5. I carry a lot of stuff in my trucks. I don't have a R50, but the rear suspension is very similar to my WD21 Pathfinder and my 2004 Kia Sorento. With my Pathfinder, I went through several sets of rear springs trying to find a happy balance between lift, load capacity, and road/off road ride compliance. The Rover springs will probably be a reasonable way to go. With my Sorento, load handling and ride quality was the criteria when the original springs got tired and sagging. Spring change was more expensive so I opted to try a set of Airlift bags. I got mine for about $80 and spent about 2 hours one evening after work installing them. I have about 2.5 years on them both on and off road. I haven't had any issues with them and still holding air just fine. I haven't had to add any air to mine since I found the balance for me. I have the air line Teed so they both have same pressure and a single valve. Pretty much all your heavy trucks (semis, busses, dump trucks) don't run steel springs anymore, they are running air springs. Many of the semi trailers are running air springs now as well. They found that they work better for them because they are lighter and can adjust for the weight of the loads. They also have as good or better life span as well. If you are careful with your hose routing, and install of the bags, you will have long life and no problems with them. If it was me doing what you have planned, I would lean to the bags for their price and versatility. As for the shocks, the Bilsteins are good, but I also really like the ProComp ES 3000. I ran a pair of them on my Pathfinder for over a decade and liked them enough that when I replaced the fronts I got a set of them. The price is just a bit more than the budget ones but they are much better and generally a bit less than the "heavy duty" ones. The only reason the rear ones on my Pathfinder got replaced with a pair of Bilsteins is that I got the shocks for free (came off a brand new Titan that got lifted when I was working for the local Nissan dealership) and the right shock lost a seal and leaked it's oil after 15 years of abuse. I personally hate the Rancho shocks, but the set I had on my Pathfinder were the RS5000, so not adjustable. The ProComps cost less and gave a much better ride for my Pathfinder. It does have heavier rated springs front and rear than stock, but the Ranchos just seemed to be valved wrong for my truck.
  6. Without watching the video, if you are doing this on a WD21, it is a little different than the R50. The R50 has Mcpherson strut suspension and the WD21 has upper and lower control arms. I found it easier if I put a jack stand under the lower control arm near the ball joint and let most of the weight sit on the stand, it will allow removing the 4 screws that hold the upper ball joint to the control arm and moving the arm up and lean the knuckle out easier. That usually give enough room to wiggle the halfshaft out. Also, the WD21 has locking hubs that have to be partially removed to access the snap ring that holds the outer shaft end. The R50 uses drive flanges that don't require removal, just a dust cap that is simply pried off.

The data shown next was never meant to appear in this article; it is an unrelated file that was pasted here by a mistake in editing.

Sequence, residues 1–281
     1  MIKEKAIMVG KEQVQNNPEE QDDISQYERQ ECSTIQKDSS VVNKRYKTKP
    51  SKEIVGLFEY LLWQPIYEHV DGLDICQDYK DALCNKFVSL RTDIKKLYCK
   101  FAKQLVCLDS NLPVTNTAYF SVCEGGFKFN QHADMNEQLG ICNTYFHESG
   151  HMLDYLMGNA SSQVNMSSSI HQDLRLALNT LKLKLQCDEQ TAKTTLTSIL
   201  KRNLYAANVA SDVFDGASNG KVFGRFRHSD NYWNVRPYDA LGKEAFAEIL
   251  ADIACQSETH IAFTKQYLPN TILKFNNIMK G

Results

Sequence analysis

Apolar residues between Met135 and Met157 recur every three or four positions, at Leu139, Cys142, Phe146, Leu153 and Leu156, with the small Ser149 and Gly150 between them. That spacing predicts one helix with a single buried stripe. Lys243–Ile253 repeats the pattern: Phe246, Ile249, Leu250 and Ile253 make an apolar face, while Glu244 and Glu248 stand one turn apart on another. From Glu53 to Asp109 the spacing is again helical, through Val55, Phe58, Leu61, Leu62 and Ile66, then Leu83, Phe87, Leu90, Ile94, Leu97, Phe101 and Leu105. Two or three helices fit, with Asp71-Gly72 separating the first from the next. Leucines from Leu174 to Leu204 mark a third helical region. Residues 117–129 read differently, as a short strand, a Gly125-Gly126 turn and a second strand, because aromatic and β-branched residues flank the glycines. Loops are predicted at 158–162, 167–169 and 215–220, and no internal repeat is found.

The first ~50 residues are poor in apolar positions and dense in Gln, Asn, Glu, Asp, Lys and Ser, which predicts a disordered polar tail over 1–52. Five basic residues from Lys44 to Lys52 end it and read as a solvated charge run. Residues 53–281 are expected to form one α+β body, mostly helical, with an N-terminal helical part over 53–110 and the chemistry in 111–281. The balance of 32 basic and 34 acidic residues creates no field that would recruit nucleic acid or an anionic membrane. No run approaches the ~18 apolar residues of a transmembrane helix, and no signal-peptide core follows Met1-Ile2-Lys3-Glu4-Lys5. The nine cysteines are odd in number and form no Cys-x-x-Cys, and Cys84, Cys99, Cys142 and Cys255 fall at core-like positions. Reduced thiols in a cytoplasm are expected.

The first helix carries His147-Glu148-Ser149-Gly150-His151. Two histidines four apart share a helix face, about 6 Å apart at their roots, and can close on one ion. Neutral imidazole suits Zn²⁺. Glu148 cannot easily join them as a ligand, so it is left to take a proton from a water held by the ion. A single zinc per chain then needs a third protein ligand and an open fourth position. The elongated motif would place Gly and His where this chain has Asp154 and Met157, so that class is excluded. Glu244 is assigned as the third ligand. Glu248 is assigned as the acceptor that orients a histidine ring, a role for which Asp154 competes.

7. They look heavier than they actually are, but like most factory aluminum wheels tend to be a bit heavier than quality aftermarket ones. They are lighter than the steel wheels though. The compact spare my Pathfinder had(235/75-15) was at least half again heavier than my stock Legos with 31x10.50 15 BFG ATs. That said, my current 33x12.50 15 Firestone MT mounted on a 15x8 Ultra Motorsport En4cer is even lighter.
  8. I'm guessing the question was how to rehang the door seal. If you look closely you will see a line of tiny plastic clips. The wings of those clips went through small holes in the seal. If careful, those clips can be pulled out and be reinstalled in the seal. Then they can simply be pushed back into the holes in the door. I have also worked the clips back into the holes in the seal without removing the clips, but it is a bit more work.
  9. They will be fine. The WD21 is a 4x4 chassis even in 2wd. Differences were they didn't install the 4wd trans with transfer case, front driveline, and front axle assembly. Even the front knuckles and wheel hubs are the same as the 4x4, they just put caps on the openings where the axle shaft and locking hubs go.
  10. I am a big fan of yellow fog lights. They work much better in rain/snow than the white ones do. Also found they don't seem to make the deer freeze like the white one do, at least over the years they tended to get out of the way better with the yellow lights than the white ones.
  11. Probably a loose solder joint internal to the speedometer. The vibration will cause the contact to come and go. You might want to pull the speedometer out and reflow the solder joints inside.
  12. The VSS in the 87-93 mechanical speedometers is in the speedometer head itself. It is a simple magnet and coil. As the magnet on the driveshaft in the speedometer head spins by the coil, it induces a current that the ECM uses to calculate the speed. It really isn't a separately serviceable part, generally requires replacement if the speedometer head. You might be lucky and just have a wire broken loose at a solder joint or simply unplugged.
  13. I believe the instrument cluster was the traditional Nissan orange in the 87-92 Pathfinder/pickup. I believe they changed to the white with the 93 model year. My 93 SE had the white from factory. The dual trip meters was found in the SE, and I believe the LE. One other fun things is the speedometer went from being a mechanical (cable driven) unit to an electric one in the 94 model year. The 93 was an odd duck in its gauge cluster was a one year only and just a little different than all the others. We lost the voltmeter, oil pressure and the fuel sub gauge that could be found in the older ones.
  14. Interesting. Wonder if the speedometer head got replaced with a newer unit. My 93 was the white on black like yours, but for all the gauges. I personally dislike the orange Nissan uses, I have to turn up the illumination to see it clearly. I have a hard time seeing in the red end of the spectrum. Some orange bulb caps should get it closer at night.
  15. Honestly not sure the sensor gear needs to be changed for the small difference in tire size. My 93 came from the factory with 31's and is now wearing 33's. Checking the speedometer using GPS, speed indicator units, and timing distance all would agree with what the speedometer was showing. Now if I changed to different gears, it probably would throw the speedometer off. So either when I had the stock 31's the speedometer was reading high, or the 2" difference when I went to 33" tires just wasn't enough to make a useful difference.